For example, we had weekly meetings and sometimes others would run them, not just me. The moment you see yourself as standing above your team, the job has become an ego trip. Leaders stand in solidarity, on shared ground, with their teammates.
Q.With digital media becoming as powerful as it has become, most startups, in a sense, must become mini-media companies when it comes to marketing. What advice would you give entrepreneurs about using media content to capture people’s attention, keep them entertained, and selling to their audience?
I would say first, use all available platforms to communicate, and 2nd, the platform matters less than the relationship with your viewers/users—know how they live their lives, what’s important to them, how their lives may be changing. Talk to them all the time.
Q. Tell us a little about your book New Rules of the Game: 10 Strategies for Women in the Workplace and why you decided to write it.
A friend of mine, who’d written several business books, suggested I write the story of my career because she thought it might be interesting. I sat back them reflected on why I’d made it to senior roles. Then I took those ideas, the “10 rules, ”or strategies, and went out and spoke to a dozen other CEOs to either corroborate the rules, or shoot them down. I found remarkable similarities in their stories and mine, so I went on to write the book, which is a composite of strategies for navigating your workplace successfully, and advancing.
Q. Growing a business can get pretty crazy. In your blog, you spoke about a practice called ‘going to Abilene.’ Can you tell us a little more about what that means and how it can help entrepreneurs during the crazy times?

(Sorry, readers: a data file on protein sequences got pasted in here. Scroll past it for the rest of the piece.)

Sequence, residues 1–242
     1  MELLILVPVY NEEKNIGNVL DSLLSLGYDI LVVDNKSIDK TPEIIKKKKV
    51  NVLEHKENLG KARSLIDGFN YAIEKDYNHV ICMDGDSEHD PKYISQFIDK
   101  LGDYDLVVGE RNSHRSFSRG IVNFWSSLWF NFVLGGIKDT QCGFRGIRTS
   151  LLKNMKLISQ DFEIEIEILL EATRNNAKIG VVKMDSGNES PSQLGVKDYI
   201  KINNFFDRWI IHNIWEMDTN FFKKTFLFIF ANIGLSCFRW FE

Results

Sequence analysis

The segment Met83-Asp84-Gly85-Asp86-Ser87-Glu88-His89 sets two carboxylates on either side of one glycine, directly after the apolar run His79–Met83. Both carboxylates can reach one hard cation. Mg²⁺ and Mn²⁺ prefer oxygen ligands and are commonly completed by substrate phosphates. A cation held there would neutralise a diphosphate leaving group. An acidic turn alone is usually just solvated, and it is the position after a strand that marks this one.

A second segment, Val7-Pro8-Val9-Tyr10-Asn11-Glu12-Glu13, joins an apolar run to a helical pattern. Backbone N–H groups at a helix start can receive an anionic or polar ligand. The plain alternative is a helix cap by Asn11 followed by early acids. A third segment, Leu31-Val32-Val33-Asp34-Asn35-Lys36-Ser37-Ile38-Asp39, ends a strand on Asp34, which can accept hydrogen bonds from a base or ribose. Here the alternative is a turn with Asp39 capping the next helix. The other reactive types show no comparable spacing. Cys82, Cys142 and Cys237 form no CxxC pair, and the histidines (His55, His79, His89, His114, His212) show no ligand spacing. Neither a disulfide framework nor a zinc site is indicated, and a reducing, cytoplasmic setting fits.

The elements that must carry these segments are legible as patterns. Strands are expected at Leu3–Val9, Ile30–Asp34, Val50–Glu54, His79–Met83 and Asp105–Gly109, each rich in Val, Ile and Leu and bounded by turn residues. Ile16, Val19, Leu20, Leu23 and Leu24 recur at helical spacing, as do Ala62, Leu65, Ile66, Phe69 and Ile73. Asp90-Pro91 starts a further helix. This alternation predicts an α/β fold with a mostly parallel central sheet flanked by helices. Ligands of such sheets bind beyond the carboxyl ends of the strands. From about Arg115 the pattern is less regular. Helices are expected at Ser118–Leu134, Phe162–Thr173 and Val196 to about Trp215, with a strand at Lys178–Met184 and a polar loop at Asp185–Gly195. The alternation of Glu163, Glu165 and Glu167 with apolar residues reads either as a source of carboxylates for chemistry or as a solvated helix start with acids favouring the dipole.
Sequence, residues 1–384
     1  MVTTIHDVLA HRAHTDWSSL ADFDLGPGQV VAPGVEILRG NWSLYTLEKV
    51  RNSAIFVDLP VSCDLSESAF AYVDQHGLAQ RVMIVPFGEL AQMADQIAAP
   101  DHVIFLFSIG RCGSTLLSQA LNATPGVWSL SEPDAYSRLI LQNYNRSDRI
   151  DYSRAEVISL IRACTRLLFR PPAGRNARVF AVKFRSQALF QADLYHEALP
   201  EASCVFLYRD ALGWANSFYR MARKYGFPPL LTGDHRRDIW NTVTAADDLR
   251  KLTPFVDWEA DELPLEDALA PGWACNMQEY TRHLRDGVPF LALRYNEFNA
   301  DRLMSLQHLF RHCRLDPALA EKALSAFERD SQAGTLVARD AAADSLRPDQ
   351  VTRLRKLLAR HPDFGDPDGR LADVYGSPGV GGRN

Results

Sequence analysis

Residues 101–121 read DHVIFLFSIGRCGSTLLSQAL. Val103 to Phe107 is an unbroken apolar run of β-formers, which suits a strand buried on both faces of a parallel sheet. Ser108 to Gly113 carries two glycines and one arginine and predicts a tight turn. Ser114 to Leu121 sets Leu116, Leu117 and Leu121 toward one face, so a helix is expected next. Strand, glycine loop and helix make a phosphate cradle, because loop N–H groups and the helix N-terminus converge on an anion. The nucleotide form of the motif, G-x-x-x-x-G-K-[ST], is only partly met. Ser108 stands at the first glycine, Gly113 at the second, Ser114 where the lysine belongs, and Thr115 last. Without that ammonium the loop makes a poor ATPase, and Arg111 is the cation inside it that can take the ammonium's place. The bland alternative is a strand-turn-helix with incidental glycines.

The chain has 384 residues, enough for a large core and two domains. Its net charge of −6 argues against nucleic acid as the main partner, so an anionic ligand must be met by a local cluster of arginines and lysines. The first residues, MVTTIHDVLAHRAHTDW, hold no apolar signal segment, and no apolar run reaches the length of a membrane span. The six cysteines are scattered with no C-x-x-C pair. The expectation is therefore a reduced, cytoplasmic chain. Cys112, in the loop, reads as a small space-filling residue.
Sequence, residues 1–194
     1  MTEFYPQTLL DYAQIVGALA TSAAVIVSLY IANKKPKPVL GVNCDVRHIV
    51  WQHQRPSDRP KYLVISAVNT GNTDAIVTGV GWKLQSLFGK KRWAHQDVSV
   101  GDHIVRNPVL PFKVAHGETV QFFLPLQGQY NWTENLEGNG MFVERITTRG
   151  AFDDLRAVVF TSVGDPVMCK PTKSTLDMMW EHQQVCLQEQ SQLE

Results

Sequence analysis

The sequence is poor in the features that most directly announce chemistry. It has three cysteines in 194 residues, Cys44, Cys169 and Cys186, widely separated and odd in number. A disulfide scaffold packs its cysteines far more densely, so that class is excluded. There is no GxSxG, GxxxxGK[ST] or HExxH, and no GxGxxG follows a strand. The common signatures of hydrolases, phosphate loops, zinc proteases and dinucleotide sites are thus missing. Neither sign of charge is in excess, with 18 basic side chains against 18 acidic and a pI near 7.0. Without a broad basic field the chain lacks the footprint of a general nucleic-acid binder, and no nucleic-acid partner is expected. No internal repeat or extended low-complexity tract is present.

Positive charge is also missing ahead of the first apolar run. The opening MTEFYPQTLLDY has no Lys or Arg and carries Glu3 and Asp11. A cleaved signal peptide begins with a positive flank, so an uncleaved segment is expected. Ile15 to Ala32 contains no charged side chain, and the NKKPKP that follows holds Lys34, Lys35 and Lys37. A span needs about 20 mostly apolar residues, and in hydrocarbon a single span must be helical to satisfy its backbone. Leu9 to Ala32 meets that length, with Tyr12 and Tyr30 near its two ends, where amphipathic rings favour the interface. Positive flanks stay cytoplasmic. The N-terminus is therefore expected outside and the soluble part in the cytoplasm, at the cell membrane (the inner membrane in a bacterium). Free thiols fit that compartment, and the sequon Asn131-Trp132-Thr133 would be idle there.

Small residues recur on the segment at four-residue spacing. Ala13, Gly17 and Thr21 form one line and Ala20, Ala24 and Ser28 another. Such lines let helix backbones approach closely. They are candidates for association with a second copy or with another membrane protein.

Oh, “going to Abilene” is one of my favorite stories to tell. When you’re in the frantic pace of work and meetings with others to accomplish things, sometimes harsh words can be exchanged. I’ve been told I’m very direct, so I’ve worked hard to not rush my words.
At HGTV, we used safe language to call one another out when one of us went afield of our goal or was in digression mode. We’d say “I think you’re going to Abilene” and that helped us to reframe. Especially with strategy issues.
We called ourselves out on these behaviors too. There were brainstorms when I’d be on another planet, in dreamer mode, and all I had to do was look around and know. I’d say, “I get it. I’ve gone to Abilene on that one.”
Q. What exciting projects are you involved in these days?
I’m finishing up my newest book, which is about a new way to look at emotional intelligence, which is the human side of work life. It’s been sheer pleasure to write this one. I just returned from Pittsburgh to speak to a leadership group about New Rules, and this week I head out on a coaching assignment. My life is rich and full, and I feel grateful for that.
Q. What advice would you give an entrepreneur or intrapreneur that is pursuing a big idea but may be having trouble making that idea work?
A few weeks back I sat with a young woman who was trying to get her idea off the ground. She was frustrated by how slow her progress was, but she lit up when discussing what she had already accomplished. She asked, “Do you think I should stick with this?” I told her I didn’t see any way she wouldn’t stick with her idea, given the passion she expressed for it. She just needed to voice some fear of the unknown, which we all have.
In times like those, remember how you felt when you first started. Remember your excitement to bring this idea to life! Count to 10. Find a friend or someone you trust to consult with when you hit a snag. And don’t forget the A,B,C’s. May your dream come true!
To learn more about Susan and her book, you can visit her website here.